The real unemployment rate – October 2020

The real unemployment rate – October 2020

Bottom Line: September delivered a fifth consecutive month of huge job gains. It continues the trend we've seen as lockdowns have eased during the pandemic. 2020 has demonstrated that if we give businesses room to breathe they’ll make the most of the opportunity. Perseverance continues to prevail. Unfortunately, and especially as we’re closing in on Election Day, nothing in our society is free from being politicized. As a result, the outstanding jobs gains and improvement with the unemployment rate were largely panned by most economists and news media. Those economists and media outlets are just as wrong today as they were regarding the impact of the Trump tax cuts for our economy, the impact of the partial government shutdown on our economy and most recently, projecting unemployment to go far higher during the pandemic than it did and underestimating the impact of reopening's for the economy. That’s why I break down the employment report monthly. There are two sides to stories and one side to facts. Less discuss the facts...starting with the real unemployment rate.

First, the headline numbers:

  • Unemployment rate 7.9% (Improvement of 0.5%)
  • +661,000 jobs
  • Positive revisions from previous months totaling 145,000 jobs

Industries for biggest jobs recoveries:

  • #1 Leisure and hospitality
  • #2 Retail
  • #3 Healthcare

As was evidenced in the ADP private sector jobs report, there was across the board growth including strong gains in manufacturing and construction. The only sector which saw a decline was government work which decreased by greater than 200,000 jobs. I referenced the false spin associated with the negative reporting on these numbers. It shows up with the revisions. The Bureau of Labor Statistics undercounted previous month’s jobs numbers by 145,000 jobs. Add them into the mix and your net number is 806,000 jobs added during the month. Excluding government jobs, we would have had another million plus jobs month. Once again, facts over narrative.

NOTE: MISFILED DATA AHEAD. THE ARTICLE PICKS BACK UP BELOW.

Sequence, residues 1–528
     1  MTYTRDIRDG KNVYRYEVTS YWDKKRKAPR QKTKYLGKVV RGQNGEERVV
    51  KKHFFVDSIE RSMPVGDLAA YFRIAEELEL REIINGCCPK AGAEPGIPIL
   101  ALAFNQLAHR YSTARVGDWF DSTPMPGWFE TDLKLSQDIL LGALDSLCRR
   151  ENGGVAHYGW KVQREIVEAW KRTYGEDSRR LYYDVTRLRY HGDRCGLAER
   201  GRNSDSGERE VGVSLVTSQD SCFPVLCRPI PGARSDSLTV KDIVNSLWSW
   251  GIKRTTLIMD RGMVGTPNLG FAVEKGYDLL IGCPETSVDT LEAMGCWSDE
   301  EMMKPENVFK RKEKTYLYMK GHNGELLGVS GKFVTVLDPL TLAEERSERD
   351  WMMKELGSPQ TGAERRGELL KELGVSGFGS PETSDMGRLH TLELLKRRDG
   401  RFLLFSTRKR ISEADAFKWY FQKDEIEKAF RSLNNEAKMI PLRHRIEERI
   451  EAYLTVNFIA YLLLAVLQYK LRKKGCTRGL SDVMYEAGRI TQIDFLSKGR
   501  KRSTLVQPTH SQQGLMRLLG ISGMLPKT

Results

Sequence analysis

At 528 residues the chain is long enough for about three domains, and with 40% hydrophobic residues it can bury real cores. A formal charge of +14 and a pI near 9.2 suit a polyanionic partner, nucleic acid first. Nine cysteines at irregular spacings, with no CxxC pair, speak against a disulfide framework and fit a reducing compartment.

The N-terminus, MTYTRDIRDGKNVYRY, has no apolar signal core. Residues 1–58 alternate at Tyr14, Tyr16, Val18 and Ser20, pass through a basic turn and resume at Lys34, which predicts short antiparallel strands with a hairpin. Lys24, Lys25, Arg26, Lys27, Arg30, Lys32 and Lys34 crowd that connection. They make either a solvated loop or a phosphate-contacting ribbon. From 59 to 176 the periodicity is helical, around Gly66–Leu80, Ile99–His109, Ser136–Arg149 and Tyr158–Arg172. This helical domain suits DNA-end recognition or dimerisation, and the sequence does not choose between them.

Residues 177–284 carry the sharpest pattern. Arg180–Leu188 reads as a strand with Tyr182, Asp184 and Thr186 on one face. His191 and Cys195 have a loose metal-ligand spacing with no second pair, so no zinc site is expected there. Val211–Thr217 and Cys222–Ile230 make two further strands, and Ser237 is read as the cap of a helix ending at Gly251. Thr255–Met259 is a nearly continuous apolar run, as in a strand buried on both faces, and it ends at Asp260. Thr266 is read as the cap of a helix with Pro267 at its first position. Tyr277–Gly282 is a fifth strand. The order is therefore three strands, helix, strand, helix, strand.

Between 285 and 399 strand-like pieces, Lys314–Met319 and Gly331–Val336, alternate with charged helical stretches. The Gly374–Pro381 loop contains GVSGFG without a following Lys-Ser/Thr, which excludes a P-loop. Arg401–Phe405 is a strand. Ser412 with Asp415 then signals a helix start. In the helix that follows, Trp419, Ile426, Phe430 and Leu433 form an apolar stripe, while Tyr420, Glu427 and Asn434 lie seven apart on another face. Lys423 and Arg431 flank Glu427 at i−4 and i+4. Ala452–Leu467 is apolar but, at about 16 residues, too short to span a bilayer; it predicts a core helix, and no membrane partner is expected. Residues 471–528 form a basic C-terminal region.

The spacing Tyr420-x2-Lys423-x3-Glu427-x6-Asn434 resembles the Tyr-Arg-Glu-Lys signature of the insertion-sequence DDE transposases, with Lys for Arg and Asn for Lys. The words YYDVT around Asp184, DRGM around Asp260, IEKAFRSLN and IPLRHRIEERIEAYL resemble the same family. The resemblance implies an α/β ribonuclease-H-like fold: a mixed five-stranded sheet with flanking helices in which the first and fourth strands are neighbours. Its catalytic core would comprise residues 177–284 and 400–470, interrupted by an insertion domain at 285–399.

Now for the real unemployment rate once underemployed, long-term unemployed and marginally attached people are accounted for:

  • Actual: 12.8%, an improvement of 1.4% over August

Key takeaways:

  • Despite misleading coverage of September’s jobs report the news was exceedingly positive with one of the ten strongest months for private sector job growth in American history.
  • There’s continued room for optimism and the possibility of a rapid recovery for much of the economy
  • The real unemployment rate improved by even more than the base reported rate – which is the best possible news

After reaching the best levels since March, the Labor Force Participation rate inched down by 0.3% which is the lone fly in the ointment this month and did account for some of the decline in unemployment rate. Next up, the demographics of the unemployed in part two.

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